This is different in many ways. Most hardware (such as the serial port) has not been initialized. DRAM has not been initialized. We don't have the handy ability of letting U-Boot use TFTP to load a binary file for us over the network. What we have to do is to package up our binary in a form that the bootrom will recognize then put it onto an SD card. This means that any experimentation involves taking cards in and out of the SD card socket and writing new images onto them using an SD card reader, connected to a USB port on my linux development system.
This diagram is someones view of the boot process. What we are doing is replacing what the diagram shows as "idbloader.img" with something of our own.
dd if=bare.img of=/dev/sdx seek=64 conv=notruncI will note in passing that the diagram above also indicates that the USB-OTG port can be used to send a boot image to the bootrom. I have not investiated the details of this, but it does require a host side program to communicate with the board.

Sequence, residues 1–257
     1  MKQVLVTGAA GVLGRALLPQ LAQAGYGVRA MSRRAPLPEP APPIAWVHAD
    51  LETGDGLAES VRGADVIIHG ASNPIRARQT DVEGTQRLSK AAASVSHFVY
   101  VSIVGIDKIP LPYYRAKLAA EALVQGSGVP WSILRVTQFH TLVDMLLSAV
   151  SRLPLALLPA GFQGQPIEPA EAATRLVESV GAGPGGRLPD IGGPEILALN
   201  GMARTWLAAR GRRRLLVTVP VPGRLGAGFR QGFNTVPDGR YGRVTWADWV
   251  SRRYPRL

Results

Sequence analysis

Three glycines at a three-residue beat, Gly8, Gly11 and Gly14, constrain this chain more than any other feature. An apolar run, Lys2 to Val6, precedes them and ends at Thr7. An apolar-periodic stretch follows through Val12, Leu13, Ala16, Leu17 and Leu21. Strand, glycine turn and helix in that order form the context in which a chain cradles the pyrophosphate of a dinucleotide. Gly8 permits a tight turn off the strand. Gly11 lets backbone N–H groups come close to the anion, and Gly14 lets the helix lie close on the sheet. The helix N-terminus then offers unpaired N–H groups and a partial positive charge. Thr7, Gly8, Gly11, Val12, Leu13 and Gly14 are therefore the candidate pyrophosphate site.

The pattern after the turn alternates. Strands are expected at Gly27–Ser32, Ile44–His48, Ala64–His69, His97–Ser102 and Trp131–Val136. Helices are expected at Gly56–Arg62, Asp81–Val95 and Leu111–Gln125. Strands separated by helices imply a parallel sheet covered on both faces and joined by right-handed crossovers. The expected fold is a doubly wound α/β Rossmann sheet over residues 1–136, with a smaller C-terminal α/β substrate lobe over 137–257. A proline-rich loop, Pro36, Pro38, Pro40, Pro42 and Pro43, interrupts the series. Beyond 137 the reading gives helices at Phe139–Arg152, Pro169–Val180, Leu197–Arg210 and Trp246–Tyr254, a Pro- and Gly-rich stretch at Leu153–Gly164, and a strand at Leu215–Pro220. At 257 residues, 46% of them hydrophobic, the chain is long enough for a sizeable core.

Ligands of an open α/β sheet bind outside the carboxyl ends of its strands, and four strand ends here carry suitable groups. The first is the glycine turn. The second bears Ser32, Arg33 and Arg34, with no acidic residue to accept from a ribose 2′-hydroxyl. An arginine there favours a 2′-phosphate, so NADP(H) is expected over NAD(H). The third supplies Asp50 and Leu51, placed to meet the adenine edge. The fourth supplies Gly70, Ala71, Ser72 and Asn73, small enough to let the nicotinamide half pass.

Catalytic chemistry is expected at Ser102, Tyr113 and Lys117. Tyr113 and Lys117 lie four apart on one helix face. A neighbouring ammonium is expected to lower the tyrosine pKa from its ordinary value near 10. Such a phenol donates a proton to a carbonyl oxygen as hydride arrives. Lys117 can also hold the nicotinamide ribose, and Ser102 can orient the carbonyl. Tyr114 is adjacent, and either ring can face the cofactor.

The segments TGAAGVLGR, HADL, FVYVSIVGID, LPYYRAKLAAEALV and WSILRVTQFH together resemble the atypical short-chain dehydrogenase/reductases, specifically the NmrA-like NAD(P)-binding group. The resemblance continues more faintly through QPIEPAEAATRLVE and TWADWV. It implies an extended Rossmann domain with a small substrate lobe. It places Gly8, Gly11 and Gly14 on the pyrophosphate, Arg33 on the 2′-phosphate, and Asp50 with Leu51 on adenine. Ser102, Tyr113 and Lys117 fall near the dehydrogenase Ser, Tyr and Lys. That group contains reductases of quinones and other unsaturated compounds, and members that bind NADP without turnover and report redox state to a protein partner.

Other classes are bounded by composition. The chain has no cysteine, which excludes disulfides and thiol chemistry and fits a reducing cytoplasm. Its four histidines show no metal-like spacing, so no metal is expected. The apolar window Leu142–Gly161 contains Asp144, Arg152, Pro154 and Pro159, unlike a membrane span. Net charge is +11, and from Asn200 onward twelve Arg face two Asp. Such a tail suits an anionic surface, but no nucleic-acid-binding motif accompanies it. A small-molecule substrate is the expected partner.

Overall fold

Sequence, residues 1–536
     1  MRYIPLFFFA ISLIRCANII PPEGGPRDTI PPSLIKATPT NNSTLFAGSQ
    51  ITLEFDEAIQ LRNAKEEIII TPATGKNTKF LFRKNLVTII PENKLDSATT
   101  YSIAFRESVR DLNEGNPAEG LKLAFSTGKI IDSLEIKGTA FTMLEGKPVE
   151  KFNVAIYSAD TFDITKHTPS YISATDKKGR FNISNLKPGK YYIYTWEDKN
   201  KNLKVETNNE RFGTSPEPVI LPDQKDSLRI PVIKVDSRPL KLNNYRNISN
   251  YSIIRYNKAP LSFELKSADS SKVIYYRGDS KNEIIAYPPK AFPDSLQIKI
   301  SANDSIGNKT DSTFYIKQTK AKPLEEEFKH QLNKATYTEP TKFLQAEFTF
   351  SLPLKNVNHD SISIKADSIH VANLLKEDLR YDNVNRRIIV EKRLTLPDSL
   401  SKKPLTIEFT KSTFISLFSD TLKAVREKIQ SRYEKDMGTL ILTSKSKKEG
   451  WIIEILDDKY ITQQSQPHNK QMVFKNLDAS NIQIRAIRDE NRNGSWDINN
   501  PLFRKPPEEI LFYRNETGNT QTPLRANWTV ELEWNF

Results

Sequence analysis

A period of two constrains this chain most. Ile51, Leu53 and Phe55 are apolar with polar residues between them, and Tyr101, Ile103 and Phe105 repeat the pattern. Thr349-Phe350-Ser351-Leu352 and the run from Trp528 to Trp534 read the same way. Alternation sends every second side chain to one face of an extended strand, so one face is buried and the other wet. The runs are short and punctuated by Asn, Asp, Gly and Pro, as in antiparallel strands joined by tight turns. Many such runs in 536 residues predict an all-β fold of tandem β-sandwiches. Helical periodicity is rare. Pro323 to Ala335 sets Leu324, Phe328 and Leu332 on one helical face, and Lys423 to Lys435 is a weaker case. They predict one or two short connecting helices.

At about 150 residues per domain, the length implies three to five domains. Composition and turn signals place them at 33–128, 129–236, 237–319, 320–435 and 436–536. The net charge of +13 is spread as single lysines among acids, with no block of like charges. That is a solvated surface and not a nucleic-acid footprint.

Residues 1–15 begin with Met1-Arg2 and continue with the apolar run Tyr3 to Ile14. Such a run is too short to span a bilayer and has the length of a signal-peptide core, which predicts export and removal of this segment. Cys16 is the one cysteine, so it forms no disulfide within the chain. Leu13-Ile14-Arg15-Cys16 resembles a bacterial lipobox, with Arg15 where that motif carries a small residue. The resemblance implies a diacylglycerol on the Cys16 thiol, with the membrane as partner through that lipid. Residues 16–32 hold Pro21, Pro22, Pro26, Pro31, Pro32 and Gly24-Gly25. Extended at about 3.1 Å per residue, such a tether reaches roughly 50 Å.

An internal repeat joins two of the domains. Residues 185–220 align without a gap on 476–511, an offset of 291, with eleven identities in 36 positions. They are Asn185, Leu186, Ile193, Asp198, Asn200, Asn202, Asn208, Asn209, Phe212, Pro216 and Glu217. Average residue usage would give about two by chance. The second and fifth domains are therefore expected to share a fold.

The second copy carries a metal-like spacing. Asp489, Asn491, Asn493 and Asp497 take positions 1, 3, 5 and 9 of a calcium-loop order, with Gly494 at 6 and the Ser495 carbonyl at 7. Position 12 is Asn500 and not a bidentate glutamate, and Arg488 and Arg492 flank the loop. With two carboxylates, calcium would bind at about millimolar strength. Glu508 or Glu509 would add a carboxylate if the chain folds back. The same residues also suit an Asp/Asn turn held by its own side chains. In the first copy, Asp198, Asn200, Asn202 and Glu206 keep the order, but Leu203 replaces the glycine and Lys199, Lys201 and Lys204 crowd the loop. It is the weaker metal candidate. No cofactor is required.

The bootrom loads code into SRAM within the RK3399. There is 200K of this (some references say 192K). I have never had any temptations to push the limit, so the exact size is so far unimportant. Looking at existing code (namely the U-Boot TPL), the code loads to 0xff8c2000 and execution starts at 0xff8c2004. This is 0x2000 into the SRAM, skipping the first 8K bytes, which perhaps holds a stack.
I wrote a program called "mkrock" to generate the bootable image. This has a special header, which is rc4 encrypted using a well known rockchip key. I wrote this program after inspecting the mkimage program which ships with U-Boot. I could have simply used mkimage with the proper image, but I was interesting in learning all the details.
After this it was easy to copy my already tested and working printf function and write code to dump the bootrom locations, which was my goal in all of this anyway.
Tom's electronics pages / firstname.lastname@example.org